A poet's pen name
The names given to the various styles of martial arts found around the world are as varied as the people who created them.
Each culture places it's own particular imprint on what is created within it's borders, and the art of Shotokan Karate is no different.
Founded by an Okinawan school teacher named Gichin Funakoshi, Shotokan Karate-Do, as his style is known today, officially took it's first breath in Tokyo Japan. For it was here that Sensei Funakoshi opened his first dojo in Zoshigaya, Toshima Ward, in the Spring of 1936.
The name Shotokan, however, came about as a result of events that took place in Sensei Funakoshi's youth.
As a young man he would often walk into the hills and the pine forests surrounding his Okinawan home town of Shuri, where as he says, "he would often listen to the sound of the rustle of the pines when the wind blew". In his book 'Karate-do, My Way of Life" he says, "to me the murmur was a kind of celestial music.
As a result of his love for these forests he decided to adopt a "pen name" with which to sign all of his calligraphy and poems. Master Funakoshi therefore got into the habit of signing all his works with the name "Shoto". In Japanese "Sho" literally translates into "pine" and the word ""to" translates into "waving" hence, "Shoto" means "waving pines".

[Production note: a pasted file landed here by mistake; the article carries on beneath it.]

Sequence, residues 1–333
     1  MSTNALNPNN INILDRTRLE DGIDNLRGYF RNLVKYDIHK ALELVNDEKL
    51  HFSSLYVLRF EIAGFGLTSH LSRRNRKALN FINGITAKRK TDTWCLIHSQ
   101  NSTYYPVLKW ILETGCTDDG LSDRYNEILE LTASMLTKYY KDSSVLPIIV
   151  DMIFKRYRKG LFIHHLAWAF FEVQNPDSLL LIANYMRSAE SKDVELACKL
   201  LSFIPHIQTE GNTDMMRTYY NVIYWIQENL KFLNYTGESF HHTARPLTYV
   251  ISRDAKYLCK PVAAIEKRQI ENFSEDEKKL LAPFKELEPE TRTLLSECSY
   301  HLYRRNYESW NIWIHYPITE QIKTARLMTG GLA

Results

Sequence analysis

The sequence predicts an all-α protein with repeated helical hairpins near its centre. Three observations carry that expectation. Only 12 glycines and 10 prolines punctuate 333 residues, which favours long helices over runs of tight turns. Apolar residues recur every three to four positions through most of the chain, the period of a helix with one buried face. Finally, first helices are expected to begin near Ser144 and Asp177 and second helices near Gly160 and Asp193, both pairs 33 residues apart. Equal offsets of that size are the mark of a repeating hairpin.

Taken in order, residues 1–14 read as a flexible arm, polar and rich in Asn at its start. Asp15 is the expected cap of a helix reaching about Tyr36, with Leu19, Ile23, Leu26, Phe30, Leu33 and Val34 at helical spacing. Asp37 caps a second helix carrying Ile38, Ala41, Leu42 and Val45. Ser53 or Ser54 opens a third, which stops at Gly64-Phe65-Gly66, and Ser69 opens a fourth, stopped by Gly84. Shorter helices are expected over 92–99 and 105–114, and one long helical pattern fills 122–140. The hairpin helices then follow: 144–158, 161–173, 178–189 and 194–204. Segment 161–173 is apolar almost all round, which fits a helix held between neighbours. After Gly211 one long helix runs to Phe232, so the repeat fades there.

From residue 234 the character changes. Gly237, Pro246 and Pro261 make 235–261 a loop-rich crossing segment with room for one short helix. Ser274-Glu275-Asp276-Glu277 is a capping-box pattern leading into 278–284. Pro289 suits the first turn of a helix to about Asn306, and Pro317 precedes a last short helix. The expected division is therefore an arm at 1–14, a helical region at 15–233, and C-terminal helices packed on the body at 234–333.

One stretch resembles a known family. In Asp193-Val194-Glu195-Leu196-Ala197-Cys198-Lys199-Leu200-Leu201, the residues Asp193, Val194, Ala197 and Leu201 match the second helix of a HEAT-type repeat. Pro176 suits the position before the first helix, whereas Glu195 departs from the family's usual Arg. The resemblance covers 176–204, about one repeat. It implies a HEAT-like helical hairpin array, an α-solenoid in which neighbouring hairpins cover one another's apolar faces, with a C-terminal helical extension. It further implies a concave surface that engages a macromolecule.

The word "kan" on the other hand means "hall or building", and so when his students were asked where they went to study karate they would say, " to "Shoto's kan" or the "hall of the waving pines" and so over time the name "Shotokan" became associated with Sensei Gichin Funakoshi and his particular style of karate.
Today the name Shotokan is recognized world wide and is the only style of karate in Japan that is sponsored by the Ministry of Education.
Along with the name Shotokan, Sensei Funakoshi's style of karate is also identified by it's symbol, that of a Tiger surrounded by a circle. This design came about as the result of Sensei Funakoshi's meeting with the painter Hoan Kosugi in Tokyo shortly after his arrival. In fact it was Hoan Kosugi who encouraged him to write a reference book on the subject of karate-do. This ultimately led to his first book "Ryukyu Kempo" being published by Bukyosha, in 1922.
The tiger symbol was then drawn for Sensei Funakoshi's book by Hoan Kosugi. The irregular appearance of the circle it's self suggests that it was drawn free hand and with one continuous stroke of his brush. The kanji found in the upper right hand corner is Hoan Kosugi's own name.
Why the Tiger was selected is not entirely clear and while there are several theories, all are speculation as far as I can tell, and as such I will not elaborate on them here.
Suffice to say that without either the name Shoto-Kan, or the symbol of the Tiger, our art would in many ways be greatly diminished.
What master Gichin Funakoshi said,
"The great virtues of karate are prudence and humility"
Part the clouds - see the way.
"The objective of karate-do is to contribute to the evolution
of the human spirit through physical and mental training."
Sensei Peter Lindsay